The Detroit Promise Path program and evaluation are primarily funded by the Michigan Education Excellence Foundation, with additional support from W.K. Kellogg Foundation, The Ford Foundation, JPMorgan Chase, and The Kresge Foundation. The Detroit Promise Path evaluation is affiliated with MDRC’s College Promise Success Initiative, which is funded by Ascendium Education Group.

View or download the full study.

Contacts:
• John Hutchins, MDRC, 212-340-8604, john.hutchins@mdrc.org
• Kelly Weatherwax, Detroit Regional Chamber, 313-596-0360, kweatherwax@detroitchamber.com

In Case You Missed It: Download the 2017 State of the Region

Recently, the Detroit Regional Chamber released its third annual State of Region report, underwritten by Citizens Bank. Chamber President and CEO Sandy Baruah presented the report findings to nearly 300 business and community leaders at The Westin Book Cadillac in Detroit.

The report, which offers a data-driven analysis of the progress made in the 11-counties that comprise the Detroit region, garnered several media articles throughout the day. The local news outlets included: Crain’s Detroit Business, Detroit Free Press, Detroit News and MLive.

During the luncheon, Baruah outlined the accomplishments of key indicators of the region including per capita income, which the Detroit region ranked third nationally in one-year per capita income growth. Median home values also lead peer regions in both five-year and one-year growth rates and the region led its peers in median home value growth between 2014 and 2015 at 10.7 percent.

The report also showed the region added more than 200,000 jobs since 2010, with architecture and engineering as the fastest-growing occupations. The Detroit region is now sixth among its peers in the Kauffman Innovation Index, charting startup activity – up five spots. The region is also No. 1 in patent growth, with patents granted to regional innovators growing by 8 percent.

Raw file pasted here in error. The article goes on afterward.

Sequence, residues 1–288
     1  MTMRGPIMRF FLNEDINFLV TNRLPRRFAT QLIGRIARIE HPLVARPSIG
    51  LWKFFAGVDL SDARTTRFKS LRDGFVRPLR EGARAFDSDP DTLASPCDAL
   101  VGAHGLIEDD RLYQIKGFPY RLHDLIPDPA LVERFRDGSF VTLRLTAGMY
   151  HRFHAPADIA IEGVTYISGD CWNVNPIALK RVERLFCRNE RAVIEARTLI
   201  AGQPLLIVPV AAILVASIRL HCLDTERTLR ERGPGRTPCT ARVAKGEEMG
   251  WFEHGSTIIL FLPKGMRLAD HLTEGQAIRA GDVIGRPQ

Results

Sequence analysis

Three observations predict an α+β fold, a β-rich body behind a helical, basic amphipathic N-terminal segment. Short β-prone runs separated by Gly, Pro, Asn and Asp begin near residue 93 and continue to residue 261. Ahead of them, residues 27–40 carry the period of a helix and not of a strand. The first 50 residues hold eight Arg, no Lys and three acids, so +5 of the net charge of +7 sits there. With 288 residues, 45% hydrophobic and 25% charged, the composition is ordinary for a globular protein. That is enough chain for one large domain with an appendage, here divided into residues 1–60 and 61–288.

“As the data in this report suggest, the needle is indeed moving in the right direction,” Baruah said.

The afternoon presentation also addressed key areas in need of improvement. The data showed that while the region matched the national average when it came to educational attainment, it still lags behind most all of the competing regions. Transit was another area for improvement. Regional transit entities handled approximately 42 million public transit rides last year, far short of the goal of 55 million rides.

“While some progress is being made, we’re not making the dramatic progress that we need to make in order to ensure our position in the 21st century,” Baruah told the crowd. “Businesses need to remain focused on affecting public policies that boost high school graduation rates and strengthen a pipeline of students into higher education.”

Following the presentation, Mustafa Mohatarem, chief economist for General Motors Co., gave an overview of national economic trends and the impact they have on the region. Mohatarem then joined a panel to provide reaction to the data and discuss the current state of the economy. Panelists included Rip Rapson, president and CEO of The Kresge Foundation; John Roberts, budget director of the State of Michigan; and Marina Whitman, professor of business administration and public policy at the University of Michigan. Education and transportation were areas of most concern for all panelists.

In addition to Citizens Bank, other sponsors of the event included: Blue Cross Blue Shield of Michigan, Comcast Business and Office Depot.

To view or download a copy of the report, click here.